A guest said recently, upon leaving my home: "I like to come here. It's the one place I can say anything I want to, knowing it won't go further." The compliment really should have gone to my mother.
One day when I was about eight, I was playing beside an open window, while Mrs. Brown confided to my mother a serious problem concerning her son. When Mrs. Brown had gone, my mother, realizing I had heard everything, said:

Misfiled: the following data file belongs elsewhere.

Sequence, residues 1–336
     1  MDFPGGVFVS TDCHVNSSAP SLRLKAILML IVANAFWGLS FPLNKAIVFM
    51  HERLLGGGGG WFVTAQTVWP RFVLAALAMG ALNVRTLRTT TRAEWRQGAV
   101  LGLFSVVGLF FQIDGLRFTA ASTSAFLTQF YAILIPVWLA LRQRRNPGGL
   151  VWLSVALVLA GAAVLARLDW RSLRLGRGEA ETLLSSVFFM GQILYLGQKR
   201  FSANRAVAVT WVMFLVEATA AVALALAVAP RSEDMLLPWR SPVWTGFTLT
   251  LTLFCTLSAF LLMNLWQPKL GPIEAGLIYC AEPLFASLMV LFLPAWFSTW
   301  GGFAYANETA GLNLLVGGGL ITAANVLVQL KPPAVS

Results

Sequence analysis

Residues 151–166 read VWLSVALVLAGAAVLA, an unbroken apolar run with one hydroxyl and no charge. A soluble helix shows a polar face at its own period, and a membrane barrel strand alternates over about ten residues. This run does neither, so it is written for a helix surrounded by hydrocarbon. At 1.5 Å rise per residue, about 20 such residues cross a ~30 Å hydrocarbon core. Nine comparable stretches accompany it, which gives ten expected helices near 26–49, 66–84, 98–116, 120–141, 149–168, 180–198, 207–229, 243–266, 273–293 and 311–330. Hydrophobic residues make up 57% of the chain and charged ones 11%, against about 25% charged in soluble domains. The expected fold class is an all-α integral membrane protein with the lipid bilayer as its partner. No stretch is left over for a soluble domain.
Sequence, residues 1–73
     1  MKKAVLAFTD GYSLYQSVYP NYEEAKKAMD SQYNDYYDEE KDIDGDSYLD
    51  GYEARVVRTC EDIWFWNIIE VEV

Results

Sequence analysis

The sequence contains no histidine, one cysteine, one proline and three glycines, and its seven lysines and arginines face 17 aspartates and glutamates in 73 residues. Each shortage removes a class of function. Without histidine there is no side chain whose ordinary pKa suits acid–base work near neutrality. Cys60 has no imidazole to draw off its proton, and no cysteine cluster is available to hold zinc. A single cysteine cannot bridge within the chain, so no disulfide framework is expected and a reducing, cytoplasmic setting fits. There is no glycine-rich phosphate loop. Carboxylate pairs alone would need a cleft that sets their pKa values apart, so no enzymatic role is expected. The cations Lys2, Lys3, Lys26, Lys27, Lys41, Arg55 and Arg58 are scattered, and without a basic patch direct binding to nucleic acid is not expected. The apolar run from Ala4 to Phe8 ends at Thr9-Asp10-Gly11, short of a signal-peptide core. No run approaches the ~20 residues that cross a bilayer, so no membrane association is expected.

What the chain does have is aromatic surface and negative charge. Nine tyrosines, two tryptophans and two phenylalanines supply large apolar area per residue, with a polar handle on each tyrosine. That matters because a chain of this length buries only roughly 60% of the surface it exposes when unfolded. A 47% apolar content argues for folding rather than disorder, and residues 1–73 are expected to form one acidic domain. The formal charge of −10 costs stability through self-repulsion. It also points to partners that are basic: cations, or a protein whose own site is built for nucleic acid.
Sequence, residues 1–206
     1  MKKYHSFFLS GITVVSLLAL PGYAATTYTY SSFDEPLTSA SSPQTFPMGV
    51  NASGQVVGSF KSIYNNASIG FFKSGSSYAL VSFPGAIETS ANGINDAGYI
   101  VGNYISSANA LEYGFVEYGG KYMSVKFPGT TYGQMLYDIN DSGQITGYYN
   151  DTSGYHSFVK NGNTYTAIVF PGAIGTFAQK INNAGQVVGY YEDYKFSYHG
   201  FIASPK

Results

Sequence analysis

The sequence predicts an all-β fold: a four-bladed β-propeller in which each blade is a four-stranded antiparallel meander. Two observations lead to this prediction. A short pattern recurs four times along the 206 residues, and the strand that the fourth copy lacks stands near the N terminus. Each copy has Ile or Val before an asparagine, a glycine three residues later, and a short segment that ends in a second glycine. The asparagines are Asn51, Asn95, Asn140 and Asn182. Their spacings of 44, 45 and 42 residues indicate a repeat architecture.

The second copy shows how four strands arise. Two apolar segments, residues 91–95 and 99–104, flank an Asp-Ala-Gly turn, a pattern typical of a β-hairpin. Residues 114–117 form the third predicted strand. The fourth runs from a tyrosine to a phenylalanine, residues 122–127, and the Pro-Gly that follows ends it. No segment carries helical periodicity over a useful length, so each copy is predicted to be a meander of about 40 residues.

"If Mrs. Brown had left her purse here today, would we give it to anyone else?"
"Of course not," I replied.
Mother continued: "Mrs. Brown left something more precious than her pocketbook today. She left a story that could make many people unhappy. That story is not ours to give to anyone. It is still hers, even though she left it here. So we shall not give it to anyone. Do you understand?"
I did. And I have understood ever since that a confidence or a bit of careless gossip which a friend has left at my house is his—not mine to give to anyone.